My students have handed in “final” drafts of their blog posts. I put the final in quotation marks because the post isn’t final until it goes online. But even then, because the student can go in and modify it as much as they want (as can I, but I’m going to restrain myself, intruding only to fix broken links and other formatting issues), it is never really “final.” More about writing and publishing on the Internet that I need to get used to. Publishing anything online is permanent in that it is almost impossible to get rid of, but never concrete in that it can be edited, modified, and reshaped. So much to think about, teach, and learn.
It’s that time of the semester. The time when students who have been mysteriously absent all semester start showing up, wondering what it is they can do in order to pass my class. My immediate response: “Build a time machine, go back to the beginning of the semester, attend class, and do the work you were supposed to have done up until now.” I hold my tongue, but the kids have mostly been trained to expect bonus work, or credit recovery, in order to salvage their semester. Didn’t do anything all semester? Here’s a small assignment that if you complete it, you’ll not only pass, you may earn an A!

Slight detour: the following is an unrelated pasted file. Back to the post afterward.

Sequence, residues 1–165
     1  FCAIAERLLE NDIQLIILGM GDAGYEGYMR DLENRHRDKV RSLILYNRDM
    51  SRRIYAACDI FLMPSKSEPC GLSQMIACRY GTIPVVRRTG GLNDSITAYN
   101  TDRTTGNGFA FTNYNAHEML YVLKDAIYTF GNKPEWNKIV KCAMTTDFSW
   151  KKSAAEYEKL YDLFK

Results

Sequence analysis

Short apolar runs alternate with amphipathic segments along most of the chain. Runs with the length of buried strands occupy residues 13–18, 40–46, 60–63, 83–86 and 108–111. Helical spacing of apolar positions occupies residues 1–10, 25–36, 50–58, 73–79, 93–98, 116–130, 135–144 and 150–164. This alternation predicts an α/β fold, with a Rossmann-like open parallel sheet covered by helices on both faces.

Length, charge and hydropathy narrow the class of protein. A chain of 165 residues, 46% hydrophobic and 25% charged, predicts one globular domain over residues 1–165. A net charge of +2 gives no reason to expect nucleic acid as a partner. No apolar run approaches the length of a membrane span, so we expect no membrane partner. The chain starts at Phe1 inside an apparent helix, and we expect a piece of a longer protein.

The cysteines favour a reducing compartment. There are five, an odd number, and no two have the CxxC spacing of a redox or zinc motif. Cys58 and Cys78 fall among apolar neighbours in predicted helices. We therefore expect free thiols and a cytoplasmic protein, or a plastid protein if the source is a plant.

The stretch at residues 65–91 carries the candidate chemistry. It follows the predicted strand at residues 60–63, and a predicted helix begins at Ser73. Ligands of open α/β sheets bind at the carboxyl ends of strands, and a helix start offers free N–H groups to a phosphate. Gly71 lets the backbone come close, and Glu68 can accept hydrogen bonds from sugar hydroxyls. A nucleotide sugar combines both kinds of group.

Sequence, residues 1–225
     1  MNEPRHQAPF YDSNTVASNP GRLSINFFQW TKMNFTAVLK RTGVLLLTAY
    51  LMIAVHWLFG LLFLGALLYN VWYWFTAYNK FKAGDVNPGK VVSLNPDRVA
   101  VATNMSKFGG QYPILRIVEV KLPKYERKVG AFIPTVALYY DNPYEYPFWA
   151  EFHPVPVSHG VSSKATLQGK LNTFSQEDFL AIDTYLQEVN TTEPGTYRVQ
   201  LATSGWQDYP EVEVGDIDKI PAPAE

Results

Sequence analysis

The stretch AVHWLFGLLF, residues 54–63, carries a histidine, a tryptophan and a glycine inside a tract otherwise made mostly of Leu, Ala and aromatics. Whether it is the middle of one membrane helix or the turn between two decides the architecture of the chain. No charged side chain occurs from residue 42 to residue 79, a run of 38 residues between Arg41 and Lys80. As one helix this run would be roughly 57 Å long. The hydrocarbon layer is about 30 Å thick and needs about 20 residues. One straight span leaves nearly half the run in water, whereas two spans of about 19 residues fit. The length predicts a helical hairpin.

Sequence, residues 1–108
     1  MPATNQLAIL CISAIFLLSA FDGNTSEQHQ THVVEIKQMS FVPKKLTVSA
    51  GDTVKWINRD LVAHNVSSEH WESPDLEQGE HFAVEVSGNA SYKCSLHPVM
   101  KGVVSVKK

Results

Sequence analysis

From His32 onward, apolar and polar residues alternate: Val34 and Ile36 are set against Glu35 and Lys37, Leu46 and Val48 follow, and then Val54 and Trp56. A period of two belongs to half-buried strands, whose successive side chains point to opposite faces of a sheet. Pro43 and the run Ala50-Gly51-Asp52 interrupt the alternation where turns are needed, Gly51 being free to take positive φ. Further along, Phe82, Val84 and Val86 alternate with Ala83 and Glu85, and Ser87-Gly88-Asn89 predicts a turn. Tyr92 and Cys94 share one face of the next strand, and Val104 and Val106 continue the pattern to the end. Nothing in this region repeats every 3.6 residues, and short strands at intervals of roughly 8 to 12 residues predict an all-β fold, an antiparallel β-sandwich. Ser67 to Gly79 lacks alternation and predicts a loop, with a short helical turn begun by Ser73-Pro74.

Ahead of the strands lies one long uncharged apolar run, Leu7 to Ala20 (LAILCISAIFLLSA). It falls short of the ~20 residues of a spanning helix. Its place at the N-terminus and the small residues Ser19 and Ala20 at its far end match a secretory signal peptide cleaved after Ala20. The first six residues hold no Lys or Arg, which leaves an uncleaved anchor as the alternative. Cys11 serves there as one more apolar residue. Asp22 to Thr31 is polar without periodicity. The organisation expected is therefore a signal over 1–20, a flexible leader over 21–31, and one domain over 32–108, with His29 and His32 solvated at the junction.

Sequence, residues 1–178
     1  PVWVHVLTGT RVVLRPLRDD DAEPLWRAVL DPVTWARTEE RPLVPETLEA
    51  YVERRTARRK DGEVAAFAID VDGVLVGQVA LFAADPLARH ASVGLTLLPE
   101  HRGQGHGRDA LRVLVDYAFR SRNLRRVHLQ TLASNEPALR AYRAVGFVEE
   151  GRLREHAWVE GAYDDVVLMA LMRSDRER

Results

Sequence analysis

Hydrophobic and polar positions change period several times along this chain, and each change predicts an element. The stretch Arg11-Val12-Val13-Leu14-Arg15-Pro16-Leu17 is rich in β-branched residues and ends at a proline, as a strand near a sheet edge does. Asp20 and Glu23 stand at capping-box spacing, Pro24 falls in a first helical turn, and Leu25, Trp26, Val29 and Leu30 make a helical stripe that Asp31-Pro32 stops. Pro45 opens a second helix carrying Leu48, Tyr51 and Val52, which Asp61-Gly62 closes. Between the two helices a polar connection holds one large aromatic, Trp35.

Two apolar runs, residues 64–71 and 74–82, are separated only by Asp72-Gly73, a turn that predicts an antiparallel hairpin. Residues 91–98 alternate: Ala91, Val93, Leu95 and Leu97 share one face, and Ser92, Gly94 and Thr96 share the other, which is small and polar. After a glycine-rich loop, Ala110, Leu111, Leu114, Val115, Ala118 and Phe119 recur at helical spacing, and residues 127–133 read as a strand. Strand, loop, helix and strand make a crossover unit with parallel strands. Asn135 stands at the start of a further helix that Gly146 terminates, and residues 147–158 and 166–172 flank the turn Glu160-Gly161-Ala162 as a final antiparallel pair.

After a flurry of posts, I’ve been really silent for the past two weeks or so. The end of the semester is near, and I have been attempting to figure out what the end of semester is going to look like for my students. I’ve sort-of gone off syllabus. I’ve been applying for conferences, publishing opportunities, and research grants. I’ve been doing mountains of paperwork because we’re buying a house. My kids have been sick, husband away, and Europeans visiting. And, you know, Thanksgiving.
Opening for Ben Folds on his current tour is the group Lady Danville (I’m pretty sure the “New Song” video was taken at the Chicago show I attended). They are, to me, amazing. Three young dudes making great music? Yes, please. I went up front to buy their CD and there was one of the members of the band, selling their stuff. Even though I’m pretty sure I have at least ten years on him, I gushed like a school girl: You guys were awesome. So great (giggle, blush – ugh). Funny thing was, he was as excited and giddy as I was: You really liked it? Thanks! That’s so great! Thanks!